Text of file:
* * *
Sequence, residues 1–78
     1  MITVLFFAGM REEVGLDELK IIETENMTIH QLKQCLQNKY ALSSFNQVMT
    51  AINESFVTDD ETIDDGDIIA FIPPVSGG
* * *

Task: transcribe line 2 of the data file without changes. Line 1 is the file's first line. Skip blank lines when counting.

     1  MITVLFFAGM REEVGLDELK IIETENMTIH QLKQCLQNKY ALSSFNQVMT